Acer, former CEO spar over declining fortunes

Former CEO Gianfranco Lanci quit in March over differences with the Acer board

Acer on Wednesday charged its former chief executive officer, Gianfranco Lanci, with performance issues, after he had criticized the company's resistance to globalization in interviews with the media.

Lanci, who resigned from Acer on March 31, said this week from his native Italy that he was on the brink of making changes that would have led to the company's "de-Taiwanization", according to media reports.

He said that the board was resisting globalization by not hiring engineers outside Taiwan, among other things.

The public sparring comes as Acer reported a 21.2 percent year-on-year decline in first-quarter revenue.

The public sparring between Acer and Lanci is unlikely to hurt the company, which is poised to move ahead with the development of tablet PCs to overcome the revenue decline, analysts said.

"This particular spat won't have any effect on Acer's business, because Lanci is already gone," said Helen Chiang, research manager with IDC in Taipei. "Consumers will have no way of evaluating it."

Acer continues to pursue globalization, a company spokesman said. The company is not promoting a Taiwan focus or 'Taiwanization', and did not favor hiring only local staff, he added.

The Taiwanese company said that during Lanci's tenure there was high inventory, poor sales of mobile devices and a lack of vision.

Lanci could not be reached for comment.

Acer's board probably recognized Lanci's marketing savvy and trust among investors but wanted to develop tablets and feared he was the wrong person, analysts said.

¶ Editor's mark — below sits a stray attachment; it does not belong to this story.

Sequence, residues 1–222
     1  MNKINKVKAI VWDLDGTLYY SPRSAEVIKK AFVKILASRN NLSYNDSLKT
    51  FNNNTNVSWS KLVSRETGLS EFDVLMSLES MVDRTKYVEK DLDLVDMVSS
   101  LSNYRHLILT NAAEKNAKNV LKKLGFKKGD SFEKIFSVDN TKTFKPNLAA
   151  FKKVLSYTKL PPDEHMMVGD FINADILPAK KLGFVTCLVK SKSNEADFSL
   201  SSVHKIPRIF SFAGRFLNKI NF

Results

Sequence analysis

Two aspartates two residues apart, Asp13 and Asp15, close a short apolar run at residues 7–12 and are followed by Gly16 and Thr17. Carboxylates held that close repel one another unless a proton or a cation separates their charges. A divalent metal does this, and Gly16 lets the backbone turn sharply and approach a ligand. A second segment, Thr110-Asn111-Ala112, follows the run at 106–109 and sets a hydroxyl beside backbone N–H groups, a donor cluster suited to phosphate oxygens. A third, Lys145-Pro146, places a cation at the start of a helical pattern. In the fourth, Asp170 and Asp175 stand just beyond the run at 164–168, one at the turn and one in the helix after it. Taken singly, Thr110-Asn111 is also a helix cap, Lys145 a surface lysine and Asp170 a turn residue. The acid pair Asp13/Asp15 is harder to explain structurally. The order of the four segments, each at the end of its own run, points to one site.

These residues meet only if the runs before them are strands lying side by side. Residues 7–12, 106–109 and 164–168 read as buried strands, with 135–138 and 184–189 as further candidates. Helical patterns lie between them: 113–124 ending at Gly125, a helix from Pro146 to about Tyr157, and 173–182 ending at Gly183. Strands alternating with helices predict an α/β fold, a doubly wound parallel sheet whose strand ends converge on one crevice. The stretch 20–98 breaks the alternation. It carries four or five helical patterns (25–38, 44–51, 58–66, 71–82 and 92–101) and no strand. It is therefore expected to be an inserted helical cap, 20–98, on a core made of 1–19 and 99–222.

Lanci and the board faced a "big split" as the former CEO focused on selling laptops while other senior leaders had plans for tablets and touchscreen phones, said Tseng Hsiao-chen, analyst with Taishin Securities Investment Trust in Taipei.

"Gianfranco had his way of controlling things, and the new leader wants to build his own management style," Tseng said. "That takes a while to break in."

"The future of Acer is in PCs, and it's safe for the next three years, but this is the age of convergence, and it's changing the playing field," said John Brebeck, head of Taiwan research for Yuanta Investment Consulting. "What Acer needs to prove, is that it can make it in smartphones or tablets."

Acer's spokesman confirmed that tablets are a priority for the company.

Tags business issuesPhoneshardware systemssmartphoneslaptopstablet PCsacerGianfranco LanciJ.T. Wangpersonnelconsumer electronics

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Ralph Jennings

IDG News Service

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